As for the New Testament, it is not a foregone conclusion that Stephen is appealing to the Septuagint of the Old Testament.  In fact, Stephen provides no context of how he was counting his forefathers who went into Egypt. Where the Genesis passage specifically excluded wives of the sons, Stephen may have included them.  For reference, consider this very clear and undisputed NT passage again:

Acts 7:14 After this, Joseph sent for his father Jacob and his whole family, seventy-five in all. (NIV)

Without appealing to the Septuagint at all, a solution worthy of consideration is one that commentary author Coffman notes in regards to Acts 7:14 (as originally given by George DeHoff):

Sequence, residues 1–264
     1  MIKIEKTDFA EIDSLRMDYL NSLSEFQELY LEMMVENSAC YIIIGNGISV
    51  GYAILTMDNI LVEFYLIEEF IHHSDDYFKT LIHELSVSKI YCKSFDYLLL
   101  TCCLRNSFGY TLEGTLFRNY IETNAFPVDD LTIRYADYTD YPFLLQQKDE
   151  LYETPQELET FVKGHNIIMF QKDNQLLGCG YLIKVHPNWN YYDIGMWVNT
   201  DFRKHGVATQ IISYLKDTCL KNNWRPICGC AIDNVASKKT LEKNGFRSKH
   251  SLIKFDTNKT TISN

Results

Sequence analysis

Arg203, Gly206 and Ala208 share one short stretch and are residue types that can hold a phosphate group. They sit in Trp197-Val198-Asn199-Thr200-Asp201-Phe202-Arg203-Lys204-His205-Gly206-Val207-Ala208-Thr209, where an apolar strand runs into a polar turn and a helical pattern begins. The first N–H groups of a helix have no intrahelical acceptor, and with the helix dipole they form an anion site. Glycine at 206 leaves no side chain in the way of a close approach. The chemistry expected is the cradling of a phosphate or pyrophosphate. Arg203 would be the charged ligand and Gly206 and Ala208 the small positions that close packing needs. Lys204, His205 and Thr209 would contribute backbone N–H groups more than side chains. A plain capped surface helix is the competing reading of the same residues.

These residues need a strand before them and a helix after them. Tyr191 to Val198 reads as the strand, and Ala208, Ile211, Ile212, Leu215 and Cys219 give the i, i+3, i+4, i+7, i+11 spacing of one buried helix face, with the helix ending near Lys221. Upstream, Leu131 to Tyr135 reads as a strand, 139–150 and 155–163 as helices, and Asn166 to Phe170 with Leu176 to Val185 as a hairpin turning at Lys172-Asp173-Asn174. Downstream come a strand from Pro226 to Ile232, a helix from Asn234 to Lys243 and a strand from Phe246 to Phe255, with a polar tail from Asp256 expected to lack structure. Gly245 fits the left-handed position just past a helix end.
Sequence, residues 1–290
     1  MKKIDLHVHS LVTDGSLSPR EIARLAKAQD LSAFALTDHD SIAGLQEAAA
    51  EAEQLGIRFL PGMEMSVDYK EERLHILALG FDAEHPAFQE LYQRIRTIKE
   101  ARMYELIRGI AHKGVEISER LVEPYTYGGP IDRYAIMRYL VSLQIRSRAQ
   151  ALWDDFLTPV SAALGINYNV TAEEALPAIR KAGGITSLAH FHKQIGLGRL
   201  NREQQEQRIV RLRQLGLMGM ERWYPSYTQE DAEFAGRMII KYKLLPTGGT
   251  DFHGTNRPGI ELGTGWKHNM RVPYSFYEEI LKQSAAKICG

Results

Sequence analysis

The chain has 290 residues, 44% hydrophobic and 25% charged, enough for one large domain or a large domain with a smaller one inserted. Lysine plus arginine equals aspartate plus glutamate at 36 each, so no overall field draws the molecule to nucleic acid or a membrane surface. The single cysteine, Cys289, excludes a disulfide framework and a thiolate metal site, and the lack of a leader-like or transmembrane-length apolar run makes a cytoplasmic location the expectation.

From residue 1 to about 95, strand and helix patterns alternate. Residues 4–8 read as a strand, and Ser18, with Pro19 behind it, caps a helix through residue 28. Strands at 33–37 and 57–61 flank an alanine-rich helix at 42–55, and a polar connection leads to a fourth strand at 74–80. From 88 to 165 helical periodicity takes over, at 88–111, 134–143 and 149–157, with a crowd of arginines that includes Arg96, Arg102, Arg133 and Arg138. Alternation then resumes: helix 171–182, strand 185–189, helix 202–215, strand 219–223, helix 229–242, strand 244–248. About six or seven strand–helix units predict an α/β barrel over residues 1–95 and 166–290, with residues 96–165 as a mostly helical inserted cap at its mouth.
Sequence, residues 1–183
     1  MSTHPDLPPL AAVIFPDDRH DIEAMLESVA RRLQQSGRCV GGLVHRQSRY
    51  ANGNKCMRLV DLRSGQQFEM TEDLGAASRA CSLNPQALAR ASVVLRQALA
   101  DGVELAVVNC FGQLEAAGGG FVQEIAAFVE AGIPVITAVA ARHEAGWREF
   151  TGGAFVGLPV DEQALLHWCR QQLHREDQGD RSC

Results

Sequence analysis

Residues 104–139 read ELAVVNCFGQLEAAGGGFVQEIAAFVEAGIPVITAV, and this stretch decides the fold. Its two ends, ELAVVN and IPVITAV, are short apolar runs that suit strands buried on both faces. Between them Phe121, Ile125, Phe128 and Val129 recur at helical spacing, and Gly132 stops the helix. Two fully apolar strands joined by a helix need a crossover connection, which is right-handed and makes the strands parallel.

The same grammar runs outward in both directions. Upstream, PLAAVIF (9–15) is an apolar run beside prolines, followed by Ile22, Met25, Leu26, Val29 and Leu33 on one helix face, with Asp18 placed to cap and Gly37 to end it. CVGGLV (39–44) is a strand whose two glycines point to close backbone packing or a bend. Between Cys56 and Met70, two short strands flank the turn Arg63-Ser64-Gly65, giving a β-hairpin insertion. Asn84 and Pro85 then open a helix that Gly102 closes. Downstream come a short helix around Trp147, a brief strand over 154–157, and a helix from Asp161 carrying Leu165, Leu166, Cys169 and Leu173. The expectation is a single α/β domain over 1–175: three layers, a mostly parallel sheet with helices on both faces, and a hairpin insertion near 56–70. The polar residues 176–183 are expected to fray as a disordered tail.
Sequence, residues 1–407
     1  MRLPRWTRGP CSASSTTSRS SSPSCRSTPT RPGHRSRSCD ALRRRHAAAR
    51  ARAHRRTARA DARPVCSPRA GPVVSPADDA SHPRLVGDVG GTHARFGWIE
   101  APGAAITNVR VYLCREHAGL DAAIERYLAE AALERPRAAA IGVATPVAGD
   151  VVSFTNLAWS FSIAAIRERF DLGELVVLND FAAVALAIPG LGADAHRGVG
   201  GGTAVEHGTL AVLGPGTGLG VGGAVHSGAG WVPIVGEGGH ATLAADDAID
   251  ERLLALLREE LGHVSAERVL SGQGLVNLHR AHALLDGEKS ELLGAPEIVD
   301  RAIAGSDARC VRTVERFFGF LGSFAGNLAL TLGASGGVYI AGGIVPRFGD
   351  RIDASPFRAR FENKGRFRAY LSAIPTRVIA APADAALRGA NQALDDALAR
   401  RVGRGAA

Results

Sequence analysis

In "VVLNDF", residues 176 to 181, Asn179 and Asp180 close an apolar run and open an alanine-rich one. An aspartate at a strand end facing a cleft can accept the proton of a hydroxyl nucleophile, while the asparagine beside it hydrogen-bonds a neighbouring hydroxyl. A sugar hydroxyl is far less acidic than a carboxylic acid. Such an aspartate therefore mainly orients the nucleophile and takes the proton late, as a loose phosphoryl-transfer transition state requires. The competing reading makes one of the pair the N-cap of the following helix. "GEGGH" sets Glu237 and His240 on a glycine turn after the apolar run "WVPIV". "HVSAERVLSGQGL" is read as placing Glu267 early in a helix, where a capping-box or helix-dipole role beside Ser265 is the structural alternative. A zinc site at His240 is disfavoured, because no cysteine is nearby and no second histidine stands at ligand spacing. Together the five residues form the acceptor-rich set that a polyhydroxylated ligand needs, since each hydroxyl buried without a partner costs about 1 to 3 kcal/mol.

Jacob's children, grandchildren and great-grandchildren amounted to sixty-six (Gen 46:8-26). Adding Jacob himself and Joseph with his two sons, we have seventy. If to the sixty-six we add the nine wives of Jacob's sons (Judah's and Simeon's wives were dead End Note 2; and Joseph could hardly be said to call himself, his own wife or his two sons into Egypt, and Jacob is specifically separated by Stephen) we have seventy-five persons as in Acts. Jewish genealogies did not regard women, or even count them; and such an attitude was noted during Jesus' public ministry, and for some time within the church itself, when, for example, the number partaking of the loaves and fishes was given as "five thousand men, besides the women and children," and when the number of disciples was stated as "five thousand men" (Acts 4:4). It was appropriate that in this inspired speech of Stephen the women should have been reckoned among the number going down into Egypt with Jacob. (Coffman's Bible Commentary)